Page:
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If your kid is in kindergarten or grade 1, they're probably starting to bring books home from school to learn to read. Parents can play an important role in making the experience positive and helping them learn important decoding skills. It's important to know that not all classrooms support decoding and phonics in the same way. These tips below from experts in structured literacy—a systematic way of teaching phonics and decoding skills—will help you support your kid as they're learning to read.
When kids learn to read, they need to match letters or combinations of letters to sounds, explains Liisa Freure, a former elementary teacher and reading expert who trains teachers in structured literacy. “If they sound out or decode a word successfully a few times, then that word transfers into their sight vocabulary, which means when they see that word, they can remember what that word is, rather than having to sound it out each time.”
If your child is stuck on a word, don’t let them guess, says Alicia Smith, president of the International Dyslexia Association Ontario. “If they have learned how to decode it, help them sound it out.
If not, just tell them how, or tell them the word.” If you find your kid is consistently guessing based on context or pictures, cover up the picture or have them practice reading short, easily decodable words (like “cat,” “dog” or “sun”) that are not in context.
“One of the biggest mistakes we can make is thrusting books at our kids and expecting them to read on their own before they’ve mastered letters and sounds—it’s putting the cart before the horse,” advises Smith. This can not only frustrate them, but also set them up for bad habits if they don’t yet have the skills to decode. “Don’t get too worried about whether your child is reading books or even sentences in kindergarten; help them grasp that connection between sounds and print.”
The books in your kid’s classroom or that get sent home from school are typically levelled texts. The levels are determined by things like length of sentence and how many high-frequency words appear. In the English language, however, the highest-frequency words are also the oldest, which means their pronunciation has changed over the years and they are not very “decodable”— and that means kids can’t sound them out using conventional rules, explains Freure. Words like “said” and “talk” are good for a kid to recognize, but don’t actually help them solidify letter-sound relationships. When your child is ready, Hackett-Helmkay suggests finding decodable books online from the publishing house Flyleaf or the reading program SPIRE, or look for the Moon Dogs series, described as “catch-up readers.”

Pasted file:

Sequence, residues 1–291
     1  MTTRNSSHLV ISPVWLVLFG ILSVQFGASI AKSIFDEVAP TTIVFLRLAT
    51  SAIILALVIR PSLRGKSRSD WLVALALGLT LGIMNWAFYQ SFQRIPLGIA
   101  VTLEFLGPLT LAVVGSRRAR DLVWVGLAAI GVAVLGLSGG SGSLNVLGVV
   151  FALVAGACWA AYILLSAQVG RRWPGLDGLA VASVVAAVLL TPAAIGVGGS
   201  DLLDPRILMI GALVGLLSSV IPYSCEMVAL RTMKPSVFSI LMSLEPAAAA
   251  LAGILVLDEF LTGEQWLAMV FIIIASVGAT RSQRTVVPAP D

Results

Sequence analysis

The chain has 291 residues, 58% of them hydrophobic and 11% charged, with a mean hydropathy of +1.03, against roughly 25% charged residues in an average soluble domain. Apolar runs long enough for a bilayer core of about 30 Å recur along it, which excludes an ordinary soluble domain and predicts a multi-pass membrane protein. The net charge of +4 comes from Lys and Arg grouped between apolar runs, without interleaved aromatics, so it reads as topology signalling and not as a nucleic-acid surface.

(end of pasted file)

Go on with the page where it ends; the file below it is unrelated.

English can be a very complicated language to learn because it includes words from various languages, like German, Greek and Latin. Instead of saying, “Oh, English is so confusing, it makes no sense,” get them curious about different spellings and letter sounds, suggests Freure. For example, kids often wonder why the word “talk” has an “L” in it. Freure tells her students, Well, we’re telling a tale, and the words ‘tell’ and ‘tale’ both have an ‘L’ in them. The word ‘talk’ has an ‘L’ in it because it’s related to those other words.” Encourage your kid to find other strange spellings in a book and find out together (you can google it) what the origin (etymology) of the word is and why it’s spelled that way.
“Every word has a base, and then we can add things to the base,” says Freure. Show your kid what common suffixes (like “s,” “ed” and “er”) and prefixes (“re,” “un” and “in”) look like and what they mean (this is called “morphology”). When your kid is faced with a longer word, they can look for these parts of words to help them figure it out.
If your kid is struggling with learning to read, keep the sessions short and sweet and at a time when they’re not too overwhelmed. Avoid practicing when they’re tired, too. And don’t forget, all reading is reading, so look for opportunities around you to practice decoding, like a Pokémon card or the back of a cereal box.
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